GONE WITH THE WIND is most famously known as a love story between Clark Gable and Vivien Leigh. What you might not know is that Leigh's character, Scarlett O'Hara, has three husbands over the course of the movie. Now her passion with Gable doesn't sound so "true love"-like, does it?
What the film is really about is a Southern belle coming of age and learning of life during the tribulating times of the Civil War. She learns that she can use her sexuality to manipulate men, and she uses her charms and quick intellect to claw her way through the War and its aftermath. However, she also learns by the end of the movie that manipulative people don't get true love (hence: "Frankly my dear, I just don't give a d@mn").
The "G" rating is misleading, as it was given in 1939. The film is quite violent. While only one scene is graphic (a Yankee deserter being shot in the face. There's a brief explosion of blood.), there are many tense scenes revolving around the loss of loved ones and the dashing of dreams by reality. Some images (such as the burning of Atlanta) may be frightening for young kids. There is no actual sexual content, but some discussions revolve around that topic without mentioning it (they had to meet 30's decency standards). Through all of her husbands, Scarlett really only loves one man who always eludes her, and at one point she kisses him passionately, though he's married. After having her first child, Scarlett decides she doesn't want to get pregnant any more (to keep her waist as small as can be), so she informs her husband that she will be locking her bedroom door. This infuriates him, so, one night, he carries her up to his room (presumably for sex). The next morning, she is happy that he did.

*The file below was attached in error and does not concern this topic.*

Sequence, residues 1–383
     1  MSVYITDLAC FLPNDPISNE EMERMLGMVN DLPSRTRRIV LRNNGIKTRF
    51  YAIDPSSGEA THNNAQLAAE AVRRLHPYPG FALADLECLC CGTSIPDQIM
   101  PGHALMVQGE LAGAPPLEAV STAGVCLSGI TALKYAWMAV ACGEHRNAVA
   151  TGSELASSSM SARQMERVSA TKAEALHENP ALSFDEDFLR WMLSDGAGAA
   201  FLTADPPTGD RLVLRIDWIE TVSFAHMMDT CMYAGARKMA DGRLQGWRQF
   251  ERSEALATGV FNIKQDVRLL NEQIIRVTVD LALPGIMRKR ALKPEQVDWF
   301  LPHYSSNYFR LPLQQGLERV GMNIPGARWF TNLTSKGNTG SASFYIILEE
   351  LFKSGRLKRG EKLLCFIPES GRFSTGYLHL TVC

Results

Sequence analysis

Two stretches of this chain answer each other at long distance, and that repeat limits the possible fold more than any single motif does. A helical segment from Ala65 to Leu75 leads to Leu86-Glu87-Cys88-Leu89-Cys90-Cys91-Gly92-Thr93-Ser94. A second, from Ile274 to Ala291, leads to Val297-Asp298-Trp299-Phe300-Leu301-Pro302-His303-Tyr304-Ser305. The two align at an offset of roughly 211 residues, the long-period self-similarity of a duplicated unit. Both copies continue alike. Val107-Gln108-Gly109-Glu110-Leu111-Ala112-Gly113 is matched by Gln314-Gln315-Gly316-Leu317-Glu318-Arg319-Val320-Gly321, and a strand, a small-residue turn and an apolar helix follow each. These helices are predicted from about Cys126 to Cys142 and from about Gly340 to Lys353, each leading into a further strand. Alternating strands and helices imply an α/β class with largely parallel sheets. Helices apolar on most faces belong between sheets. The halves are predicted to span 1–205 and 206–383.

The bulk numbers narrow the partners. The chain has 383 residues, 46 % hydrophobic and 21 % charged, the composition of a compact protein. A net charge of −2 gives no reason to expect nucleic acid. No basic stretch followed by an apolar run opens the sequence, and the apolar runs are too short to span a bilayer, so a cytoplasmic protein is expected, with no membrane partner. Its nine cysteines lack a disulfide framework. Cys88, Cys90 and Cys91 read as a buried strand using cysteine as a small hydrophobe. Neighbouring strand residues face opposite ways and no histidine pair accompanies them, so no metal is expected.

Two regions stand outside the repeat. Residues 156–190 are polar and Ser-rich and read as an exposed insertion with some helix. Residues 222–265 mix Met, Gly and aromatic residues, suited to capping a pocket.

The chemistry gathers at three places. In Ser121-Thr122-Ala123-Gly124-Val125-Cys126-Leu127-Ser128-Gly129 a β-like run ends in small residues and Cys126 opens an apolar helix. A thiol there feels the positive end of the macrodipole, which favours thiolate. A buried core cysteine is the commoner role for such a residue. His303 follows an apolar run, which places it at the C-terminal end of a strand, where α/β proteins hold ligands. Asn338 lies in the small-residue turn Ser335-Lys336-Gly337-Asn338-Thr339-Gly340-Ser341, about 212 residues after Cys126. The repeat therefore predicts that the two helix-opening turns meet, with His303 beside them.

It may seem to some viewers that Rhett's controlling nature towards Scarlett is abusive. While such behavior would be deemed unacceptable today, kids should know that males were usually the dominant partner in old relationships, and while such attitude is sexist and wrong, Rhett would never hurt Scarlett.